If you've caught live crab using crab pots, your next step is to cook them so that you can eat them. In most cases, live crab should be boiled. Whether you've caught them yourself or purchased them live, you should cook them quickly. After they have died, the crab meat will deteriorate very quickly, and may present a health risk if the crab is not cooked immediately. To cook live crab, all you need is a large pot of boiling water with a little salt. Here's how to cook live crab:
- Get the crab. In many areas, you can catch live crab yourself using crab pots or traps. You can also purchase them from the grocery store. Opt for live crab over other versions, which may be frozen, soggy, or pre-cooked.
- Boil the water. Fill your large pot with water, and bring it to a boil. Before you start boiling the water, make sure all of the crabs will fit in the pot you have chosen. Add a couple tablespoons of salt to the water; use sea salt, if available.
- Place crabs in water. As soon as the water has begun to boil well, simply throw the crabs in the pot. The most humane method is said to be dropping the crab into the pot of water headfirst by holding it by the back legs.
- Boil the crab. Now, boil the crabs for between 6 and 10 minutes. Exceptionally large crabs may require up to twelve minutes. If your are boiling live crabs, the amount of cooking time is not related to safety, it's more a question of how you prefer the crab meat. If you cook for a period of time that is too long or too short, the meat may be overdone or underdone. When cooking blue crabs, the optimum time is about six minutes. For Dungeness, it is closer to eight or ten minutes.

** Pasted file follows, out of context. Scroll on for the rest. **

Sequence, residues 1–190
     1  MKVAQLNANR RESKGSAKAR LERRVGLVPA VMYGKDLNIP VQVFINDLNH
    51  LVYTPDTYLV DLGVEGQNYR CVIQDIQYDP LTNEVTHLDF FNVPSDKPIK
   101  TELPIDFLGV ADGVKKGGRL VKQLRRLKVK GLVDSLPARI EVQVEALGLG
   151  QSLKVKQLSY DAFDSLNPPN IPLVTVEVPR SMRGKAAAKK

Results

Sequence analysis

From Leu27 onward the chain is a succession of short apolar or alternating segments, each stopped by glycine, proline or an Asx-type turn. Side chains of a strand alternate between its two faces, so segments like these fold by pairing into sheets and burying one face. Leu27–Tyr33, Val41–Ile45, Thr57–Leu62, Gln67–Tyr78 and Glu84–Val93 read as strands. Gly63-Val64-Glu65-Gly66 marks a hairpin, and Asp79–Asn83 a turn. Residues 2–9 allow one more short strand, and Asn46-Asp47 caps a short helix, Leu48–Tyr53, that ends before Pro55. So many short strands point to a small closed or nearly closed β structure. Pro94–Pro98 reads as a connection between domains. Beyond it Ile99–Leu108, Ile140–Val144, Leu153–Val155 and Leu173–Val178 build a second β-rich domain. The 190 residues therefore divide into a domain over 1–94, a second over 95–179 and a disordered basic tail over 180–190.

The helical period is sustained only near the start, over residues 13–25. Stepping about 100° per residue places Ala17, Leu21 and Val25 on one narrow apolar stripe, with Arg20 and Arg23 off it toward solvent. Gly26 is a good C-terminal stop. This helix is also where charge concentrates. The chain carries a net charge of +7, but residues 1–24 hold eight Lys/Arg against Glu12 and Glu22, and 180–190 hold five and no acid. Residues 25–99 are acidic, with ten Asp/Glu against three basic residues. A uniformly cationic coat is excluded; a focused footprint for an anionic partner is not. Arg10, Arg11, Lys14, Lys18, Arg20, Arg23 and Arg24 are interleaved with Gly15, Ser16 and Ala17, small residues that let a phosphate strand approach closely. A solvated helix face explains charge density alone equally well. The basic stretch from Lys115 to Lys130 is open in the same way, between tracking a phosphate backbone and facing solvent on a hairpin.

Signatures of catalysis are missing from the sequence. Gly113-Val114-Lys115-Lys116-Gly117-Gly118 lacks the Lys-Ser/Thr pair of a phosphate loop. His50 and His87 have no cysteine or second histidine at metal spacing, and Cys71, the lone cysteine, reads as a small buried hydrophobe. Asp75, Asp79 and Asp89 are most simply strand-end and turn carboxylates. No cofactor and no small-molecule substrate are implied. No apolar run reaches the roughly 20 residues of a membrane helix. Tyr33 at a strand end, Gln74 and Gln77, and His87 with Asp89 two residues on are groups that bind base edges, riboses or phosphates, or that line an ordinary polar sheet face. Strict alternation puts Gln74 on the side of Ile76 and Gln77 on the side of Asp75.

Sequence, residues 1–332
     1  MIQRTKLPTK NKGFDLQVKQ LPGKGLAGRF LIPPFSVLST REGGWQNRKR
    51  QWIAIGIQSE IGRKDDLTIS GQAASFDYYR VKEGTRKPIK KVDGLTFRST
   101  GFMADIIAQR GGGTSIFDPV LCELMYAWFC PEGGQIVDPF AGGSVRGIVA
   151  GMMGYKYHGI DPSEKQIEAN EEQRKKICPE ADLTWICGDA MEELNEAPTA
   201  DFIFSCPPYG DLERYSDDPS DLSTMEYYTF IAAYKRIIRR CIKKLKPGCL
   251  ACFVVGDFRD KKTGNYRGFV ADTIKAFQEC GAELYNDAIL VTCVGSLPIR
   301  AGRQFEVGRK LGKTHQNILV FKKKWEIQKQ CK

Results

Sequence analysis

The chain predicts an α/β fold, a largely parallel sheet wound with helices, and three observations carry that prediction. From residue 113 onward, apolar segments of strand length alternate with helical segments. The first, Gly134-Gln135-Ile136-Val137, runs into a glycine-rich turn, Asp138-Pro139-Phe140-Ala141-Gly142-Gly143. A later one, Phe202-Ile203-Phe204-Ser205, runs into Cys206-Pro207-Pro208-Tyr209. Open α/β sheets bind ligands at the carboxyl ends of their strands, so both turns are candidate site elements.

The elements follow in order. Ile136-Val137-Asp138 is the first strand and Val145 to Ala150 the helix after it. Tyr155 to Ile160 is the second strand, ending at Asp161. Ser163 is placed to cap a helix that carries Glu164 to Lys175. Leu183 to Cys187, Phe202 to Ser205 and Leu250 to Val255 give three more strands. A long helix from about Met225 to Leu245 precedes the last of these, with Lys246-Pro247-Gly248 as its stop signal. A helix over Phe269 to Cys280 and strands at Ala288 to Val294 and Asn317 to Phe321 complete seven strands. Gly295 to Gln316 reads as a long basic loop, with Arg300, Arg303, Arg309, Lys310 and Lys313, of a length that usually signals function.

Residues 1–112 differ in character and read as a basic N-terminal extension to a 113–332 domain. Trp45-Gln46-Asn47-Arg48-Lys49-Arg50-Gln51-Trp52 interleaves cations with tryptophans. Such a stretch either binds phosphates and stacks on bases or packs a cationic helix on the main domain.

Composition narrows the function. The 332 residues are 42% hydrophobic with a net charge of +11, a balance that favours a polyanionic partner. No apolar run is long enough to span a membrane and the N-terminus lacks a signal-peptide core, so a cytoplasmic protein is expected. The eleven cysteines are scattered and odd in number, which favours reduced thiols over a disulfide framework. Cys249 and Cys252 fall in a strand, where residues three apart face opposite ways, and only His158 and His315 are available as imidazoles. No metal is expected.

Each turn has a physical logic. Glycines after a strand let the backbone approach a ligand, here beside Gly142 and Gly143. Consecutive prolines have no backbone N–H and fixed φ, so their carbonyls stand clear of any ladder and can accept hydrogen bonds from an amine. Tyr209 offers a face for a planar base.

- Watch for doneness. Many varieties of crab, like lobsters, develop red shells once they have been cooked for an adequate period of time.
- Finish the cooking process. Once the crabs are fully cooked, dunk or rinse them in a cold water for just a couple of seconds. This will put an end to the cooking process immediately, ensuring that the crabs do not get overcooked. Do not leave them in the water, or they will cool too rapidly and the water will make them soggy.
- Serve. Serve the cooked crabs while still hot, with a side of hot melted butter. If you plan to use them later, let them cool in the shells until you can remove the meat. Refrigerate the meat until you're ready to use it. To remove the meat from the crab shell, twist the claws and legs until they separate from the body. Then push the body upwards to separate it from the shell. Scoop or scrape out the meat, discarding the intestines and other internal parts. Then return to clean the claws and legs. A nutcracker works well to crack the hard claws, allowing the white meat to be removed.
Crab is delicious and healthy, and it is surprisingly easy to cook live crab. You don't need any special equipment to enjoy this treat.